CREDIT: Lilla Frerichs
Footage from a murder scene has San Francisco officials concerned that smartphones are a dangerous distraction. The San Francisco Department told the press that the security footage of the alleged killer of a man aboard the light-rail train had his gun in plain sight.
What investigators found alarming, according to sources, is that passengers of the train did not notice the killer because they were busy with their handheld devices.
A Municipal Transportation Agency security camera footage reveals that on September 23, a man named Nikkhom Thephakayson took out a .45-caliber pistol and raised it right in front of oblivious passengers. The video also shows Thephakayson pointing the gun across the train's aisle without anyone noticing.
Investigators say none of the passengers reacted until Thephakayson fired the gun at 20-year-old Justin Valdez, a student at the San Francisco State University.
The shooting was random, according to investigators. Authorities later found weapons inside the shooter's home.
George Gascon from the District Attorney's office told the Chronicle that the people inside the train were "so engrossed, texting and reading and whatnot." Gascon added that the passengers were "oblivious of their surroundings."
According to a 2009 study done by Ira Hyman of Western Washington University, when he had a clown ride a unicycle across the university, only very few people noticed him. Hyman also noted that those who were engrossed with their handheld devices did not notice the clown at all.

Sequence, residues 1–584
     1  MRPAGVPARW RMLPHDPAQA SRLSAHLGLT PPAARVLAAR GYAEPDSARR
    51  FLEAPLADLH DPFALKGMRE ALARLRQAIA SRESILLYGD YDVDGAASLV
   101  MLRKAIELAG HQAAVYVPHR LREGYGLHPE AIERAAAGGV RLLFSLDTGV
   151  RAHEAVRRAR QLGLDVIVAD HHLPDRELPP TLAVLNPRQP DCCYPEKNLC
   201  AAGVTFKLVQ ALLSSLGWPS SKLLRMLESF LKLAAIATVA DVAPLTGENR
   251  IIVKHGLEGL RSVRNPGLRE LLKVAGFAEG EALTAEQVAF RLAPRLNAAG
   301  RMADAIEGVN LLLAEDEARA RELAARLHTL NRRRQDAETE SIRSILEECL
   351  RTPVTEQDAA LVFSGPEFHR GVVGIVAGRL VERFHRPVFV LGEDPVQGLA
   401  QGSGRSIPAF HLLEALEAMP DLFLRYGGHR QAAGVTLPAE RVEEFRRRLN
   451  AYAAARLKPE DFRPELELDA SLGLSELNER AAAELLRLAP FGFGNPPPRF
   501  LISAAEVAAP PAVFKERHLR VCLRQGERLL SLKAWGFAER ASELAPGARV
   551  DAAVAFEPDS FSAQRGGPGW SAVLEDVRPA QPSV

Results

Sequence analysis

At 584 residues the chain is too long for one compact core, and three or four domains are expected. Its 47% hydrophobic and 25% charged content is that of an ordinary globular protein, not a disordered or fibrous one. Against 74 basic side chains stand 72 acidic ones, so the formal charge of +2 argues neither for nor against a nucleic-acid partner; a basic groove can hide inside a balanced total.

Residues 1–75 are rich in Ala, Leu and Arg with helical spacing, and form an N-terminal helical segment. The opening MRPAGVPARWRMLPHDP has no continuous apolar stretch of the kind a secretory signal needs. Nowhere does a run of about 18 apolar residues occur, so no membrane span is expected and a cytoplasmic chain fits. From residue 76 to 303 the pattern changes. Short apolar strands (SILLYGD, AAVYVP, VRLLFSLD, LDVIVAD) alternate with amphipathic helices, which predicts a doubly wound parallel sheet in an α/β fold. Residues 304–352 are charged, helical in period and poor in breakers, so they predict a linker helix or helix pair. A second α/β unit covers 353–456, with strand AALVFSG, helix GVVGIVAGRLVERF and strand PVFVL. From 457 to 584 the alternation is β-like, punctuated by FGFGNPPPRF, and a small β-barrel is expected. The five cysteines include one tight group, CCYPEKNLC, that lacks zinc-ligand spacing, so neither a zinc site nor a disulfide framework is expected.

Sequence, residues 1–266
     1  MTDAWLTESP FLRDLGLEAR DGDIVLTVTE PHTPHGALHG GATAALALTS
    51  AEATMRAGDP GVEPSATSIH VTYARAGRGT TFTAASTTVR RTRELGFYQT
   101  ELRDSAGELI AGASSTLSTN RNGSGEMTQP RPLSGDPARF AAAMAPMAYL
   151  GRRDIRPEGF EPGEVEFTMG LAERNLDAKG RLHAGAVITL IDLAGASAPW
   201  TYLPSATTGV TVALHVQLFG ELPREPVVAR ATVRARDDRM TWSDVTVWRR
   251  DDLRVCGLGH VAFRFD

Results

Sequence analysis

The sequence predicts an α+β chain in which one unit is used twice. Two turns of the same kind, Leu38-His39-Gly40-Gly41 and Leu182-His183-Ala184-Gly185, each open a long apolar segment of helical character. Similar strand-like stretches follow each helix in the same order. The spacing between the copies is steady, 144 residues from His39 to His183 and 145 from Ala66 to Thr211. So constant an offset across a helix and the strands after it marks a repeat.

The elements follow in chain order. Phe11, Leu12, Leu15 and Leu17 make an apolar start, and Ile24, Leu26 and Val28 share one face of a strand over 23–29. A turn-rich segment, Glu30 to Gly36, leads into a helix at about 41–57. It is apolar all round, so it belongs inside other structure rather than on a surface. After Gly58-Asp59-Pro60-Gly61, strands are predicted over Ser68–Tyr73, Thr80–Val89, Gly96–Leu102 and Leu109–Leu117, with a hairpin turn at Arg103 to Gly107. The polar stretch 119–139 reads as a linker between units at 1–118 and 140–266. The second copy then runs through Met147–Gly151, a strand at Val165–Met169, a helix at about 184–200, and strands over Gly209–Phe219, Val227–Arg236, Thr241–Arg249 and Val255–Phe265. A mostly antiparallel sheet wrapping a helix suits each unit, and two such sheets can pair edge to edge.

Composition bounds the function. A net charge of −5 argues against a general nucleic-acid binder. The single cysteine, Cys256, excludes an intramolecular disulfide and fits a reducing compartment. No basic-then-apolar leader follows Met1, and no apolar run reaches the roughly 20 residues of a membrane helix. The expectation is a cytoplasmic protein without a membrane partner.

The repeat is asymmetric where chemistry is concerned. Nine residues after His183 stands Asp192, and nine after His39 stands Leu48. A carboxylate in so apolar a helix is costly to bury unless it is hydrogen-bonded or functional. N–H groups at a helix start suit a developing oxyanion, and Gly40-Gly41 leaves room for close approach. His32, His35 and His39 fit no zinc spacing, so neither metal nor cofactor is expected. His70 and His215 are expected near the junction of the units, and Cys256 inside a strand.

Smartphones: Threat to Personal Security
With the prevalent use of handheld devices and everyone looking at their cell phone screens wherever they go, it is easy to get in trouble. Literally bumping on people while in public areas may be one of the most common things that can happen to a person busy with his or her smartphone but more dangerous things can happen, experts say.
Walking with headphones on or while looking at your smartphone is not a smart idea because someone just might be following you. Listening to music, for example, gets rid of your capability to hear what is going on around you.
The San Francisco murder is one example to keep your cell phone in your pocket or purse while in public places.
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